Dreaming and imagining leads the way to our best future. But pessimism seems to be a defining feature of our generation and some may even allow the ugly possibilities of the future determine how they caution through life now. We know it is a scary word, because with the word future, comes words like ‘purpose’, ‘environment’, and ‘wellbeing’ that send us into an existential spin. So we’re here to address the elephant in the room.
You might be at University for personal development or to gain the knowledge and skills to be able to advance something or contribute to society. Or…you’re here just because it seems like the safe option, but outside of University, there is something unrecognised that is your calling. That goal for you can be intimidating but also your five year old self is looking at you in wonder and and with hope they can be like you one day. It’s time to channel that inner-child again.
Our egalitarianism (belief that people deserve equal rights/opportunities) has gotten in the way of us being able to openly express our hopes and dreams for the future. Somehow that is seen as naïve and ignorant to the struggles that people have today. But without dreaming as a society, it is hard to imagine a future to work towards.
To co-operate with the movement of time by ourselves is exhausting, frightening and taxing. Even if you own a multinational tech company that launches penises into the sky, you cannot pave the future on your own; you need a whole Amazon customer base and a bunch of labourers to help you do all the work for you. The future moves with collective force.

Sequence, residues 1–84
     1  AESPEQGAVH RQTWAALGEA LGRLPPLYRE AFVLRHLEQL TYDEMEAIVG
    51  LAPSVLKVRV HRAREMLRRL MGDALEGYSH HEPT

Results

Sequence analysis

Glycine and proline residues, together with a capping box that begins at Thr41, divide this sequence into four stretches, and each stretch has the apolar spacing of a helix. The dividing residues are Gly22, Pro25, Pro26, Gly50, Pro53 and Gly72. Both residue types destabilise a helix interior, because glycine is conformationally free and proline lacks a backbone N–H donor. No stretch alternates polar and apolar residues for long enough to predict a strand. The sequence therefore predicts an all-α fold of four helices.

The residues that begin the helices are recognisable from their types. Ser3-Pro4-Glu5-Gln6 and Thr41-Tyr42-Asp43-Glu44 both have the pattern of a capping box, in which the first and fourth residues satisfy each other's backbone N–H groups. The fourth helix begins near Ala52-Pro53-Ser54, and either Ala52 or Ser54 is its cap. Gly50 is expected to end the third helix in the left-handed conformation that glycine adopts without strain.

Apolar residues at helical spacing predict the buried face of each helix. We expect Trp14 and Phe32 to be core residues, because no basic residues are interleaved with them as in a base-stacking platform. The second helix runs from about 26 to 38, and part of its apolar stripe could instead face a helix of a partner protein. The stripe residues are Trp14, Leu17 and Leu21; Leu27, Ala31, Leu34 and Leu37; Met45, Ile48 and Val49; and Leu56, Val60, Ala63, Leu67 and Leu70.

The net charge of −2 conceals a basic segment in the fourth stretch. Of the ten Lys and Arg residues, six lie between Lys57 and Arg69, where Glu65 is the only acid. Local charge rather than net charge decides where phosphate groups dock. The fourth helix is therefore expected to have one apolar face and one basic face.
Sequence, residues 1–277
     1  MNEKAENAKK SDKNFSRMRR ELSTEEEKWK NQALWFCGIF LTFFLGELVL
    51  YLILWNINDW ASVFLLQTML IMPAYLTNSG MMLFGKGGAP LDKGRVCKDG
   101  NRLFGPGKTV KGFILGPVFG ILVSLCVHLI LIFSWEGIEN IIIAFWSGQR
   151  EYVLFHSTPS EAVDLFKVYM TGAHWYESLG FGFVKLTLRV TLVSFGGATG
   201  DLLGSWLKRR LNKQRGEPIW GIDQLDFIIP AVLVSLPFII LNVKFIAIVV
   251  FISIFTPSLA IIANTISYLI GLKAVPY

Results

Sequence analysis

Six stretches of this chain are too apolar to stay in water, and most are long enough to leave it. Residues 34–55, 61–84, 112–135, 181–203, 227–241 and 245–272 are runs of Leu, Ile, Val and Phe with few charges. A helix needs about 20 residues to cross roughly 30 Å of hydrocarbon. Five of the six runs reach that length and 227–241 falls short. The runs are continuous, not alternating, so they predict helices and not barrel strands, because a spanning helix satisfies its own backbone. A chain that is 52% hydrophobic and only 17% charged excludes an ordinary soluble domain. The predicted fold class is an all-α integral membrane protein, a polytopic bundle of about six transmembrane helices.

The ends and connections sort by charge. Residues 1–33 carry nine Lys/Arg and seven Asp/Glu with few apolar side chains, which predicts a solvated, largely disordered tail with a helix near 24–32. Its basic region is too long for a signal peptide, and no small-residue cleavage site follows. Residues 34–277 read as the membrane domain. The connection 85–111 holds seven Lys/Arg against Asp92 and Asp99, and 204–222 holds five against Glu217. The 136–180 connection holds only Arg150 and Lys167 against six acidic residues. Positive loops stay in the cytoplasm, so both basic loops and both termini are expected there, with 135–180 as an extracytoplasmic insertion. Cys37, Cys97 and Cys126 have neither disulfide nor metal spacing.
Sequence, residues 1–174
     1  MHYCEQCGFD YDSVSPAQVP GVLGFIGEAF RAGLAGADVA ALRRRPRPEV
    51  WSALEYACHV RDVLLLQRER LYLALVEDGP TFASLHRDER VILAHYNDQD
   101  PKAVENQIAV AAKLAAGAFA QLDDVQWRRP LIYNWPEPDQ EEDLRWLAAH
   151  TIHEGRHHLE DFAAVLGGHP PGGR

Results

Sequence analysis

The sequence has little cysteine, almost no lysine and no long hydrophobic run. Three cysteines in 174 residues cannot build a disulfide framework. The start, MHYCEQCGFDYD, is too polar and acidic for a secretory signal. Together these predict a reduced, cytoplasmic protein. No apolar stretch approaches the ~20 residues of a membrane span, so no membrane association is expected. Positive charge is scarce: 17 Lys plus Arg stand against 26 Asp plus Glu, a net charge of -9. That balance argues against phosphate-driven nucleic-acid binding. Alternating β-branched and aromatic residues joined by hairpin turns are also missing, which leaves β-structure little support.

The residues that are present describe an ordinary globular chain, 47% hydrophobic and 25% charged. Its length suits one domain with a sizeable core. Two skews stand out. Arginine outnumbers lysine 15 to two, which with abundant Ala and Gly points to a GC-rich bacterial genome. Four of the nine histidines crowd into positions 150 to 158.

So this week, we invite you to pose some questions about the future. Who do you allow to be in charge of your future? How will you start to embrace ideas about the future? What kind of steps need to happen in between now and the future you imagine?
As well, the connotations of technology are inevitable. We are already merged with a digital version of ourselves; as we sit in the Craccum office hours from print deadline, our full attention is captured by our computer screens. You’ll find that some of the work in this issue is authored by artificial intelligence.
Of course, the future of technology raises scary prospects, such as conversational, autonomous AI, or at our level of ability, being able to use Excel spreadsheets. It also creates new and oftentimes controversial opportunities, such as online exams and learning.
When we think about the future, we need to think about how we will use technology to improve our lives. It has the potential to accelerate creation and innovation of ideas, but also can be destructive to productivity and wellbeing.
Anecdotally, without uncovering the research/science behind this, it is already convoluted the impacts digital technology is having on the younger generation. While it has its educational benefits at times, at others it is a black hole of binge consumption which reduces motivation and steals attention.
What is clear about modern times is that the future is abundant with opportunity. It can lead us down good paths and bad. However, ultimately the future is what we make of it.
Sometimes your contribution is planting a seed and that’s enough.
Brian Gu (he/him) & Eda Tang (she/her)
Co-editors of Craccum 2021